When a number is written in "binary" everything is a power of two. The binary number 101101 **means**** \(\displaystyle 1\times 2^5+ 0\times 2^4+ 1\times 2^3+ 1 \times 2^2+ 0\times 2^1+ 1\times 2^0= 1\times 32+ 0\times 16+ 1\times 8+ 1\times 4+ 0\times 2+ 1\times 1= 32+ 8+ 4+ 1= 45 base 10.**

Each of the "bits", one binary unit, is either "0" or "1". It is easier for a computer to store numbers in "binary" because we can each "bit" can be stored as a switch "on" for 1 or "off" for 0. We **could** store numbers in base 10 but then we would need to distinguish between 10 different levels of current in a switch- and that leads to difficulties distinguishing between slightly different levels.

As I said, a single "bit" is either 0 or 1. Because it is easier for a computer to work in "binary" it is also easier to have registers with a power or two number of bits. 8 bits is called a "byte" and can store \(\displaystyle 2^9= 256\) distinct numbers. Most registers in modern computers are either a "byte" or a "word"- two bytes so 16 bit which can store \(\displaystyle 2^{16}= 65536\) distinct numbers.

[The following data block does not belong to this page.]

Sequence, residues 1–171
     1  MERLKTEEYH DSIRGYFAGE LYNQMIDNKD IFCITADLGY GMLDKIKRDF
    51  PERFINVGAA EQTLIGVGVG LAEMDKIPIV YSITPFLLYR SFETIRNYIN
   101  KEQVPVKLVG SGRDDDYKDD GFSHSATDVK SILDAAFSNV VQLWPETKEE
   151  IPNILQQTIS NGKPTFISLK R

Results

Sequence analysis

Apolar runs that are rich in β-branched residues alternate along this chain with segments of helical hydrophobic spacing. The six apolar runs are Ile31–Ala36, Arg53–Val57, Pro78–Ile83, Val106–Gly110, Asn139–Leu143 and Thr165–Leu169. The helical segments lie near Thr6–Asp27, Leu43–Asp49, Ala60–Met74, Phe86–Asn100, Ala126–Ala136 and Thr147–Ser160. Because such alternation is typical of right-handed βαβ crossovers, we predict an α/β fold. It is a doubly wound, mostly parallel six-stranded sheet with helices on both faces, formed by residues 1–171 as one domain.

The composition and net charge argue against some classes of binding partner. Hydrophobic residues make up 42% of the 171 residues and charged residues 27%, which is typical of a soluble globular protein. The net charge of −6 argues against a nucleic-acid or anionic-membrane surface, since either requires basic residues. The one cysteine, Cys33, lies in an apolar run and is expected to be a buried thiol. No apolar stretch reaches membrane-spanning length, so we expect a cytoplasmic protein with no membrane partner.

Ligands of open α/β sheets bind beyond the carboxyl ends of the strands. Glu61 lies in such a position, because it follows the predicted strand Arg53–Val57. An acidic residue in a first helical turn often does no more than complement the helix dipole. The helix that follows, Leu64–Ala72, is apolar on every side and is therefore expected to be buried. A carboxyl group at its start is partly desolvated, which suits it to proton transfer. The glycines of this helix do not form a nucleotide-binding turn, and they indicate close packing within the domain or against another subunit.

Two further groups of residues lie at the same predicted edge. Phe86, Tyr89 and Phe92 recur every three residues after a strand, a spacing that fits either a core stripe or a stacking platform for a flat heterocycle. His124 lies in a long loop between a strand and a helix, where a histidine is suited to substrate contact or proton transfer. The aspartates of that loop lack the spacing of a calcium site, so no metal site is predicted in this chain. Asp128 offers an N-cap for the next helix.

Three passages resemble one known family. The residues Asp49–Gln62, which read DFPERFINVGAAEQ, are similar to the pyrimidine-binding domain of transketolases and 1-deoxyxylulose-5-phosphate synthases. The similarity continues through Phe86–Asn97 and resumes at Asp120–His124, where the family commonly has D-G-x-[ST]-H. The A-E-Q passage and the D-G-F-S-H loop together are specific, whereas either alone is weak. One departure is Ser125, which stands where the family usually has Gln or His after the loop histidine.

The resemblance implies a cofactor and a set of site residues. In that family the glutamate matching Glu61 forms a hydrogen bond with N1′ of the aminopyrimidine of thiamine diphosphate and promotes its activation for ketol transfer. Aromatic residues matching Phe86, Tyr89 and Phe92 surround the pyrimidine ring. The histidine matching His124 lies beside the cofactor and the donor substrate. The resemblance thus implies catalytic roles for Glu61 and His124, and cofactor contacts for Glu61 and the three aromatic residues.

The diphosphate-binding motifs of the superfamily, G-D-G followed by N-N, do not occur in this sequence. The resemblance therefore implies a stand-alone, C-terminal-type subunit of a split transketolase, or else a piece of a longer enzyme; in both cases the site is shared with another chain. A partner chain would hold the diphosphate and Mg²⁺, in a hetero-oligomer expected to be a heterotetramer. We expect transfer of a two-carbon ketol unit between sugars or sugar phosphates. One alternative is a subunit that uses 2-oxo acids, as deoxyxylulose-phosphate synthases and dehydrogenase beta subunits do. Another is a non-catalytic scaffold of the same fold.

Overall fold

While for "normal people", "K" represents 1000 (kilo as in kilogram, 1000 grams, or kilometer, 1000 meters) for computer folk, who just love to work with powers of 2, "K" is \(\displaystyle 2^{10}= 1024\) (the power of 2 closest to 1000). "Giga" is the prefix for \(\displaystyle 10^9\) which is 1 million "K". \(\displaystyle 2^{30}= 1073741824\) is the power of 2 closest to that.\)